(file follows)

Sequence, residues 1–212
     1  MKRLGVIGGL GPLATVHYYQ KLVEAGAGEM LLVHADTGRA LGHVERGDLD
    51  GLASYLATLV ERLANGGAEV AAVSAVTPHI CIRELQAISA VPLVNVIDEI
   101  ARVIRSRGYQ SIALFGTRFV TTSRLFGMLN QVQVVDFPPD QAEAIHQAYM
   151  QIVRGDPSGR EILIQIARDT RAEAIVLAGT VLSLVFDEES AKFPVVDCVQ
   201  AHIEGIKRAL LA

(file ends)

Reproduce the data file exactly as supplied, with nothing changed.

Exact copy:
Sequence, residues 1–212
     1  MKRLGVIGGL GPLATVHYYQ KLVEAGAGEM LLVHADTGRA LGHVERGDLD
    51  GLASYLATLV ERLANGGAEV AAVSAVTPHI CIRELQAISA VPLVNVIDEI
   101  ARVIRSRGYQ SIALFGTRFV TTSRLFGMLN QVQVVDFPPD QAEAIHQAYM
   151  QIVRGDPSGR EILIQIARDT RAEAIVLAGT VLSLVFDEES AKFPVVDCVQ
   201  AHIEGIKRAL LA